17 responses to “Bad Parental Behavior

  1. The text against the green background is quite hard to read, a lighter background allowing a greater level of contrast with the black text would be helpful.

  2. Remember when Dan Quayle was castigated in the media for dissing single motherhood ala Murphy Brown? Whatever one thinks of his politics, he had that one right.

  3. We have to agree with your statistically proven conclusions on need for father figure, and the often poor outcome when not achieved. So many of us mothers are divorced who tell ourselves “his fault” and think ourselves somehow exempt from distancing maneuvers for child and dad. The subject mother’s actions are of course, beyond understanding, just that, it seems to me, we are allowing the notion that women/children don’t need men to permeate our sense. The common denominator is making the fringes worse.

  4. Bad examples create bad behaviour and parents are to blame first and foremost for the behaviour of their children. I recall, during my life as a D.S. in Miami-Dade County, that the worst juveniles I ever dealt with came from homes where the parents were much worse than they were. It never failed, when I went to their houses I would be met with resistance, drunken behaviour, parents high on drugs and/or that they could care less what happened to their child. How can a child have a chance to grow up as a decent, law-abiding, healthy adult if he/she lives in an environment of violence, neglect, alcohol and drugs? People learn from observing others. Children learn from observing the relevant adults in their world. Violence is now rampant in the US. I just heard of another shooting where three more people died. They were shot. And still there are people in the US who want every idiot, miscreant, psychotic, criminal intended and untrained to be carrying guns! Before I was allowed to carry a weapon as a police officer I had to pass many tests and I had to qualify and prove to the county that I knew what I was doing with it. So why should a civilian simply go to a gun store and walk away with a killing machine? And for those who say that guns don’t kill, well, when I was in the Army I went to war with a firearm, not a frisbee!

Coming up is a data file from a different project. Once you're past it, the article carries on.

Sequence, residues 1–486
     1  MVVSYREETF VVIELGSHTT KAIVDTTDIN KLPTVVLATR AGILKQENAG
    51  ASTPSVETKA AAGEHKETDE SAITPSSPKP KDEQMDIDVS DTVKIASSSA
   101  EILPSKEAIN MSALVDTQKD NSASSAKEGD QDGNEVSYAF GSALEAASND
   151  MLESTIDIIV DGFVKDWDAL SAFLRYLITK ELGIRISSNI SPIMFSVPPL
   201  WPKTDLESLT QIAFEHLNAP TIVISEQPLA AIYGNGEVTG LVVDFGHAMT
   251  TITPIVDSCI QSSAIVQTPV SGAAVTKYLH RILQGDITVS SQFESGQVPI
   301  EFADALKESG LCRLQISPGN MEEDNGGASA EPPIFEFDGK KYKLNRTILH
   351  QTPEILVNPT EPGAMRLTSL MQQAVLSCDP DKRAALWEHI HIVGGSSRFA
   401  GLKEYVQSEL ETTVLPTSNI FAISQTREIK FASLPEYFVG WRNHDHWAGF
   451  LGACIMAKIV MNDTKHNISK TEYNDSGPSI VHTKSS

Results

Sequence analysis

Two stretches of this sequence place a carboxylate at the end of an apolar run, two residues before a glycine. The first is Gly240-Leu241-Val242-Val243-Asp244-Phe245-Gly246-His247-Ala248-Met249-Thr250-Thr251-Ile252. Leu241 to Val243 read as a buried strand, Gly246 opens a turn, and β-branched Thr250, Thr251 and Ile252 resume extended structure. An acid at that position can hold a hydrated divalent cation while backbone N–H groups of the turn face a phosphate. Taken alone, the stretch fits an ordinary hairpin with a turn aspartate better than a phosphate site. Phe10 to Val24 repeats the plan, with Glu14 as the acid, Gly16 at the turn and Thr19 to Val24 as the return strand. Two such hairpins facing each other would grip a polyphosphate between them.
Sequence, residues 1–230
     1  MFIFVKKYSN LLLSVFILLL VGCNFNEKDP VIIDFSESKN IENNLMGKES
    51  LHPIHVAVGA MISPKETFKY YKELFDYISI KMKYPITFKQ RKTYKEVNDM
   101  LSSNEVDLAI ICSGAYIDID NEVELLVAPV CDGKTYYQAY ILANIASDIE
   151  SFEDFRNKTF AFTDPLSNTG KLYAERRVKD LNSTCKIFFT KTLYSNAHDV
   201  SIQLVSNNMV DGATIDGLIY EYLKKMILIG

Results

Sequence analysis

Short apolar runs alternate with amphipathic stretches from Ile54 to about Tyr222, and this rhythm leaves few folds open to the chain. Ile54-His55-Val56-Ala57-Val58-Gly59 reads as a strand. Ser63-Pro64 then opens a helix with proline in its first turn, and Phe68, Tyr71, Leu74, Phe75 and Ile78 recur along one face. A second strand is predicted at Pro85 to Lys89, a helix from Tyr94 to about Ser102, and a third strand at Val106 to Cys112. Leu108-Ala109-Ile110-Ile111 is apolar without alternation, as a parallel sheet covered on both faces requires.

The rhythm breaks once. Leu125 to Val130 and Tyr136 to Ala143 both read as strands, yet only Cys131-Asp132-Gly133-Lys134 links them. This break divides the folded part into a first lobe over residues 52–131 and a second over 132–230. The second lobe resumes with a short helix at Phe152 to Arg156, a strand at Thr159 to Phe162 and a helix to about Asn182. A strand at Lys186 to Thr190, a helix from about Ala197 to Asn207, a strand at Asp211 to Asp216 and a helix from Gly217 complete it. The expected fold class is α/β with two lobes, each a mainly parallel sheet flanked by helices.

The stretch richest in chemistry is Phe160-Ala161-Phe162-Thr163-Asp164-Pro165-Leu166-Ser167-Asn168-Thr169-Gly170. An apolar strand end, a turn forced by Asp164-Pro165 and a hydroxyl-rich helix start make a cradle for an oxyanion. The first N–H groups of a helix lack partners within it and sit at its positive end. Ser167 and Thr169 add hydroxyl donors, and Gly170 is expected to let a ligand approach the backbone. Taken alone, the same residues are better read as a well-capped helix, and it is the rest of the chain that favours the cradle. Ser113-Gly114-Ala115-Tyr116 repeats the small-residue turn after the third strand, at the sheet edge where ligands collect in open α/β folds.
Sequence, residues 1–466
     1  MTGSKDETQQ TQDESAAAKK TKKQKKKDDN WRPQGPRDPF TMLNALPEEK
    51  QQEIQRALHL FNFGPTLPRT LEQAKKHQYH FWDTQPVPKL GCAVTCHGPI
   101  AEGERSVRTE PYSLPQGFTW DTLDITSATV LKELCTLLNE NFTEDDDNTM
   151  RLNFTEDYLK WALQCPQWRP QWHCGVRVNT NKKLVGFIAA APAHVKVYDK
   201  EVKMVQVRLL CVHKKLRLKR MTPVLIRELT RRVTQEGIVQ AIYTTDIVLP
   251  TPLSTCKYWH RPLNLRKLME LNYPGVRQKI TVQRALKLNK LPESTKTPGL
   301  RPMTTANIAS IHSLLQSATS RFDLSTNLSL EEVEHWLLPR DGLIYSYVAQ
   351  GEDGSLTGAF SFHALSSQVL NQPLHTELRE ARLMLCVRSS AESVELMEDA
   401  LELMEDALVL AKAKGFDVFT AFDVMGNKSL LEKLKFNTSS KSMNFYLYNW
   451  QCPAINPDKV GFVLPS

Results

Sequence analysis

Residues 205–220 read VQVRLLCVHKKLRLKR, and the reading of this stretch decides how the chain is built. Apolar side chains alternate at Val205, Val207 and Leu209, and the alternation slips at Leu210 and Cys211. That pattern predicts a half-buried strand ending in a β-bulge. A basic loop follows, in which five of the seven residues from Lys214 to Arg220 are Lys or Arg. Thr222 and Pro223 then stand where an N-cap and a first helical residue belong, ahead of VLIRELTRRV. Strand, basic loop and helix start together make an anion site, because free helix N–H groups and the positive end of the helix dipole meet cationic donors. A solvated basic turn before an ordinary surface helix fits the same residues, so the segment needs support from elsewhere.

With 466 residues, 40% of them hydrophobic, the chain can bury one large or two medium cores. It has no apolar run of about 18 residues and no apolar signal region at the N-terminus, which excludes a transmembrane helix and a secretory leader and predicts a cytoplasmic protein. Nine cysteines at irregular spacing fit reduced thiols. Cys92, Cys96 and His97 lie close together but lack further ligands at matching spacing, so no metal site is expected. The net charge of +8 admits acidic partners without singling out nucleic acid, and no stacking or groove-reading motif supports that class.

A most interesting and important post Anna. Thank you for your diligence in getting the message out there. When people turn their back on God nothing good can they produce.

    All the best,
    FBC

  5. Excellent post Anna.
    It is so true that the new generation lacks parenting and love.

  6. The issue of poor/non-existent parenting is so pervasive as to now be a multi generational problem. I know of children whose parents AND grandparents have been pitiful examples of how to raise a child. The question that needs to be asked is twofold: 1, where does the failure of parents to properly train and raise their children lie?, and 2, can this trend be reversed?